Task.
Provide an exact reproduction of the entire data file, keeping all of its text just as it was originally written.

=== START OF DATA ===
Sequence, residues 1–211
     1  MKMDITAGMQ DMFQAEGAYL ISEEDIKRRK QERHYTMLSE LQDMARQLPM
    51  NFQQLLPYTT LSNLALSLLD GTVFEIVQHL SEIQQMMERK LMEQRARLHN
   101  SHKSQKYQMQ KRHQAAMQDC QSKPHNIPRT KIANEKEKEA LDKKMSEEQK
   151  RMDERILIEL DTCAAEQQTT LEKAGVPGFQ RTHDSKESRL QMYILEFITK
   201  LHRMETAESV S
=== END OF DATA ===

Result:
Sequence, residues 1–211
     1  MKMDITAGMQ DMFQAEGAYL ISEEDIKRRK QERHYTMLSE LQDMARQLPM
    51  NFQQLLPYTT LSNLALSLLD GTVFEIVQHL SEIQQMMERK LMEQRARLHN
   101  SHKSQKYQMQ KRHQAAMQDC QSKPHNIPRT KIANEKEKEA LDKKMSEEQK
   151  RMDERILIEL DTCAAEQQTT LEKAGVPGFQ RTHDSKESRL QMYILEFITK
   201  LHRMETAESV S